The rulers of the earth are now gathered to determine our fate. It should be abundantly clear to anyone in America who has been paying attention for the past fifteen years that no one in Davos, Switzerland, has our best interests in mind. One need not subscribe to any implausible conspiracy theory to recognize the plain fact that the most powerful people in the world are primarily concerned with maintaining and, if possible, increasing their power. Nor to understand that this happens at our expense. As the owners of the planet have shrunk in number, those whom writer Frantz Fanon called “the wretched of the earth” have risen in number.
As the U.S. empire pursues its geopolitical goals, whole cities in Syria are laid waste. Syrian families flee the carnage, travel desperately to Europe in search of safety and are met with a Europe we have not seen since the swastika flew above its cities. They travel to Germany, whose press clamors for a “strong state” and whose Luftwaffe has departed for Syria. They travel to France, where women are obliged by law to remove their hijab, and where freedom of speech and of assembly have been revoked indefinitely. A few travel to the United States where the rhetoric of popular politicians demonizes and dehumanizes them. And here, in the crumbling seat of empire, we are watched and listened to by the most elaborate surveillance and security state ever devised. To that state you and I are potential terrorists.
It is possible that what follows this year’s World Economic Forum will be world war. With nation-states facing desperate economic times, with increasingly agitated domestic populations, many nations’ leaders may decide to give war a chance—a chance to stimulate economic productivity (arms production paid for with tax money), a chance to gain economic spoils, and a chance to divert and preoccupy the population. One nation that seems bent on such a course is the United States. From the Balkans to the Turkish border, from Syria to the South China Sea, the rulers of the U.S. have begun a game of brinkmanship almost breathtaking in its reckless belligerence toward Russia and China, two nuclear powers.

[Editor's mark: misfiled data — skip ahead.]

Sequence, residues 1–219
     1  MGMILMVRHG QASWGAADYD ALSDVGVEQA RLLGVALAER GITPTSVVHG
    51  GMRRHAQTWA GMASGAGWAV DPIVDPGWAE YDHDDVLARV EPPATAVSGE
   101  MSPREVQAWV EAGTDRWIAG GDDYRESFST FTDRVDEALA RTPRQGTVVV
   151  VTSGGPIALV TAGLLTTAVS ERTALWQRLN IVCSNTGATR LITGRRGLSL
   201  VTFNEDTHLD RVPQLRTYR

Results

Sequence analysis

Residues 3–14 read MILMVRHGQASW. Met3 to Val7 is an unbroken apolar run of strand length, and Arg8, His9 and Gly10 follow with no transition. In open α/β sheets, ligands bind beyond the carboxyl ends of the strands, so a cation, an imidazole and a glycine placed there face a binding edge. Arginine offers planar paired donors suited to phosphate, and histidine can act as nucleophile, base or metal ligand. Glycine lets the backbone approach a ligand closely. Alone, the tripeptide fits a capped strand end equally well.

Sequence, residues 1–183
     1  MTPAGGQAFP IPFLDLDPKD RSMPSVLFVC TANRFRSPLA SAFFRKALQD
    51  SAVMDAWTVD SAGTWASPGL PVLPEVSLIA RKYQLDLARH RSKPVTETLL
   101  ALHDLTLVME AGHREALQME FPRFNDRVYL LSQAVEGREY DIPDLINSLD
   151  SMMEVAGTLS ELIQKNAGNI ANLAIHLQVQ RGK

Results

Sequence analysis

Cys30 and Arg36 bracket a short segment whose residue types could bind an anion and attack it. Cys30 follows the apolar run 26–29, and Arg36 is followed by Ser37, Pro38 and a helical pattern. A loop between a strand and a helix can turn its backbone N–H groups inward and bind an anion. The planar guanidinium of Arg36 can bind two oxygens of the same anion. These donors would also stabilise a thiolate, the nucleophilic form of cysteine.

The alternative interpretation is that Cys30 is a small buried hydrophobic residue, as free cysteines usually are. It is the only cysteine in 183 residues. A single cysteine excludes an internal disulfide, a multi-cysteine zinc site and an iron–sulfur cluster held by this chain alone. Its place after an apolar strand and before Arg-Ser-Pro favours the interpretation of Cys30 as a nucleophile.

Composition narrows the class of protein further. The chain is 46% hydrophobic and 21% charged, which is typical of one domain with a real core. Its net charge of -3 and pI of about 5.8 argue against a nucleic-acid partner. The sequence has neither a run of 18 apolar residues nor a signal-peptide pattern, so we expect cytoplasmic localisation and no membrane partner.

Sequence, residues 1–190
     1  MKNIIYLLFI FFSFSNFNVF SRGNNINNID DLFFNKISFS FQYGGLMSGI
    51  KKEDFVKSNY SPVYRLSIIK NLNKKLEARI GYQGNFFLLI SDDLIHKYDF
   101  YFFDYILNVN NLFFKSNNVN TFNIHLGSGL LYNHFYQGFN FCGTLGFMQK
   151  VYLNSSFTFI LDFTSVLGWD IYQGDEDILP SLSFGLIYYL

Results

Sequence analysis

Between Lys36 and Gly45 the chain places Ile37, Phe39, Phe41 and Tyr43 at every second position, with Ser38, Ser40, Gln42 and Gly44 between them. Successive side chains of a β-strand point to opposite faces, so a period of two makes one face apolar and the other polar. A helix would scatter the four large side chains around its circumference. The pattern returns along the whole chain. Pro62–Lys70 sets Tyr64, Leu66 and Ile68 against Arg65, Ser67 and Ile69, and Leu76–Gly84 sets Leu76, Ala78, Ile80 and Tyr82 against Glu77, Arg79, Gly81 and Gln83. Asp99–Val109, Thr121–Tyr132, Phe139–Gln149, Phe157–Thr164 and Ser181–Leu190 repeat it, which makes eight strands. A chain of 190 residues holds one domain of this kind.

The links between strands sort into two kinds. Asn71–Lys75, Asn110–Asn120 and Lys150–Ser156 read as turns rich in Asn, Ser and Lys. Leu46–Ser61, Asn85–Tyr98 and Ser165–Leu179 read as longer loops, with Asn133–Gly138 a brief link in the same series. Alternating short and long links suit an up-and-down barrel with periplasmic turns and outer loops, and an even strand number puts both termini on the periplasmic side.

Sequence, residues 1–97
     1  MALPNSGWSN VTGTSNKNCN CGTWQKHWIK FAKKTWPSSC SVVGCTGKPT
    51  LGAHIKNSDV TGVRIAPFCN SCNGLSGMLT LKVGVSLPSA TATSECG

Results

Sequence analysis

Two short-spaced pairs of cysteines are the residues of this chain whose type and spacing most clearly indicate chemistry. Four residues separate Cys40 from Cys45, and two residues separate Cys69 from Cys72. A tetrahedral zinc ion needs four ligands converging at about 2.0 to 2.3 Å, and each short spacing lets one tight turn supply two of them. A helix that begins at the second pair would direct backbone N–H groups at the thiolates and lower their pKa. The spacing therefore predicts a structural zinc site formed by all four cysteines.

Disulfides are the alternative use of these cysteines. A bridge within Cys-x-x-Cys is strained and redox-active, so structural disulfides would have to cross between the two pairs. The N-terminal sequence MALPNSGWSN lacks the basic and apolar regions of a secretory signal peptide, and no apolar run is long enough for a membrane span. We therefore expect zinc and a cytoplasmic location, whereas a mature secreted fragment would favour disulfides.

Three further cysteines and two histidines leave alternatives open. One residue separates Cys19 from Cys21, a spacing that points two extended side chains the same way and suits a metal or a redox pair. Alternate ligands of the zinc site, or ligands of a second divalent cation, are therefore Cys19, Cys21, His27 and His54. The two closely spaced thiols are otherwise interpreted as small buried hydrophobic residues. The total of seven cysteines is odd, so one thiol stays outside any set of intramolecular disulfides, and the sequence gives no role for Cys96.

At Davos, on Wall Street, in Washington, conversations are taking place that intend us no good. At the very least, they are conversations in which we have no say. No say over the use of natural resources, no say over our health care system, no say over the mysterious “economy” that dictates our lives and the lives of our children, no say in where our rulers send their warships.
What can we do? Let’s find out.
What I do know is that we have to get people talking to each other about this mess we are all in. We have to tap the wisdom and the ability, the energy and wonder of each other. It is not easy to begin such conversations. It is embarrassing. We are taught that it is impolite to talk about “politics” and that it is a bad idea generally to talk to “strangers.” But that is exactly what we have to do. The canned political discourse of presidential candidates and the corporate media (also represented at Davos) do not speak for us. We must take the challenge upon ourselves.
What I propose is this. Post a flyer in the grocery store, at your coffee shop, in the library, on the light poles downtown. Use the internet, not just as a place to express your thoughts but as a tool for organizing, for planning face-to-face meetings. Invite people to come and talk about the economy and the corporate control of our lives. About war. About the unconstitutional electronic surveillance that monitors us all. Word it any way you think best (one flyer I posted invited the public to celebrate the life of the Bill of Rights). But make it clear that you want to listen. That you think people need to begin talking before we will start to find answers.
We cannot go to Davos. But the time has come for us to introduce ourselves and to start making our own plans for the future.
Photo credit: theroot.com